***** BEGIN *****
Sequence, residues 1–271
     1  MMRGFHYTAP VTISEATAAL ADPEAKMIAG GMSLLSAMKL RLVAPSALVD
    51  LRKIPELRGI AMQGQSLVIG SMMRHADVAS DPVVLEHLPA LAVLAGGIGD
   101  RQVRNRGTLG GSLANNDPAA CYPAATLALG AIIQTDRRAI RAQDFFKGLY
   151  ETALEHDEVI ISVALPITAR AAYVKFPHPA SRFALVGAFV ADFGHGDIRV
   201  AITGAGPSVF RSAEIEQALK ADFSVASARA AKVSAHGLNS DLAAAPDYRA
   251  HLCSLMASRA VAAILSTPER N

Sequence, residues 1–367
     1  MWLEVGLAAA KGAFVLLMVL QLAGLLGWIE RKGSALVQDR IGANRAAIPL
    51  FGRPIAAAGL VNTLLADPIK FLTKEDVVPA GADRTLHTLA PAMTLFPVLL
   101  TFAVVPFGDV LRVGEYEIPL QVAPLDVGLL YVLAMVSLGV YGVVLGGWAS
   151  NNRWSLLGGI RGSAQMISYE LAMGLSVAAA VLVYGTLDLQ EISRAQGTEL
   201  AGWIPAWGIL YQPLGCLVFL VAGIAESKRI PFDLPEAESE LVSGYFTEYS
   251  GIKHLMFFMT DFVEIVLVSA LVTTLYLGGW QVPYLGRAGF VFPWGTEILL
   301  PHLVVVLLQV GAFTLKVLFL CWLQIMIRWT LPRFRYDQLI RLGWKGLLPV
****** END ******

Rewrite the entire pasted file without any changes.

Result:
Sequence, residues 1–271
     1  MMRGFHYTAP VTISEATAAL ADPEAKMIAG GMSLLSAMKL RLVAPSALVD
    51  LRKIPELRGI AMQGQSLVIG SMMRHADVAS DPVVLEHLPA LAVLAGGIGD
   101  RQVRNRGTLG GSLANNDPAA CYPAATLALG AIIQTDRRAI RAQDFFKGLY
   151  ETALEHDEVI ISVALPITAR AAYVKFPHPA SRFALVGAFV ADFGHGDIRV
   201  AITGAGPSVF RSAEIEQALK ADFSVASARA AKVSAHGLNS DLAAAPDYRA
   251  HLCSLMASRA VAAILSTPER N

Sequence, residues 1–367
     1  MWLEVGLAAA KGAFVLLMVL QLAGLLGWIE RKGSALVQDR IGANRAAIPL
    51  FGRPIAAAGL VNTLLADPIK FLTKEDVVPA GADRTLHTLA PAMTLFPVLL
   101  TFAVVPFGDV LRVGEYEIPL QVAPLDVGLL YVLAMVSLGV YGVVLGGWAS
   151  NNRWSLLGGI RGSAQMISYE LAMGLSVAAA VLVYGTLDLQ EISRAQGTEL
   201  AGWIPAWGIL YQPLGCLVFL VAGIAESKRI PFDLPEAESE LVSGYFTEYS
   251  GIKHLMFFMT DFVEIVLVSA LVTTLYLGGW QVPYLGRAGF VFPWGTEILL
   301  PHLVVVLLQV GAFTLKVLFL CWLQIMIRWT LPRFRYDQLI RLGWKGLLPV